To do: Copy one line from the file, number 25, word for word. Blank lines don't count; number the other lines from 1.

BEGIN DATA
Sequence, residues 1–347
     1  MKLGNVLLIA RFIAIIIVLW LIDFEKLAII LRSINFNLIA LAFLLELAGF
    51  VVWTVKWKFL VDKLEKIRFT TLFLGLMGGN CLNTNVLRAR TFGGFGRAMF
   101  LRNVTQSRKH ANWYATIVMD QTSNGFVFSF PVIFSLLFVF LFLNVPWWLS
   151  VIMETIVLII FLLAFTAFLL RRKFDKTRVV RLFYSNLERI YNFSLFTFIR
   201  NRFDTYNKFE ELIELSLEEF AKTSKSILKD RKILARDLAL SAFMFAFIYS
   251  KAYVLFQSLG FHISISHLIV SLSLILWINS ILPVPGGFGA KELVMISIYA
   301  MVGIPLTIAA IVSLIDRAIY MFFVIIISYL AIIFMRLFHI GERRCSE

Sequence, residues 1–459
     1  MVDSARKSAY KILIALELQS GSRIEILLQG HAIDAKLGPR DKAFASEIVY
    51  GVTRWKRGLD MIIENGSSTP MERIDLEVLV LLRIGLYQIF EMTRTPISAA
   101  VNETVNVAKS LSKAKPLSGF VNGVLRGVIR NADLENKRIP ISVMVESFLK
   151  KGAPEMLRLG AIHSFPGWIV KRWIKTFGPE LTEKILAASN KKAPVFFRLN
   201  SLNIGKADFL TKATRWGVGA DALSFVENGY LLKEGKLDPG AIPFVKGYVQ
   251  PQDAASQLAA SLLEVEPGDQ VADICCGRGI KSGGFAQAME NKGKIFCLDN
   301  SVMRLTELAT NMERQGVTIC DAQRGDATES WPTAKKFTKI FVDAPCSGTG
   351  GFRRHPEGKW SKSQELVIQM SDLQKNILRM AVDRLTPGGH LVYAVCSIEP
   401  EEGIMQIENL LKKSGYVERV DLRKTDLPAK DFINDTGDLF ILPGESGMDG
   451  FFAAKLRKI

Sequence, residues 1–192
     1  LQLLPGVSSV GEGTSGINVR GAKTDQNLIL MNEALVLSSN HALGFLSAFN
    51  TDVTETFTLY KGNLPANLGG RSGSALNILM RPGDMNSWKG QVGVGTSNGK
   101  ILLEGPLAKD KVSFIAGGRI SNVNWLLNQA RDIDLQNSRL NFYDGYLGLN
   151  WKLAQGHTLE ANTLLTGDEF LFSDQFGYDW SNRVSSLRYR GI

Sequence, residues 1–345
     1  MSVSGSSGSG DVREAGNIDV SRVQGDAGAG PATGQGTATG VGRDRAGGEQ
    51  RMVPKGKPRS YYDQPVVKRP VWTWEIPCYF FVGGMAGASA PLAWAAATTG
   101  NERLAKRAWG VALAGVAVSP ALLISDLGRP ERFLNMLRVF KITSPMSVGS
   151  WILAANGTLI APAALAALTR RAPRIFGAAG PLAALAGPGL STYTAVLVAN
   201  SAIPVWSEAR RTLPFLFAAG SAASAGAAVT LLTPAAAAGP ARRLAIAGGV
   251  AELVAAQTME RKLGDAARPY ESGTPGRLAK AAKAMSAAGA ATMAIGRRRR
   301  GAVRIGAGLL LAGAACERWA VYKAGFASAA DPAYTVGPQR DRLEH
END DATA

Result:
Sequence, residues 1–345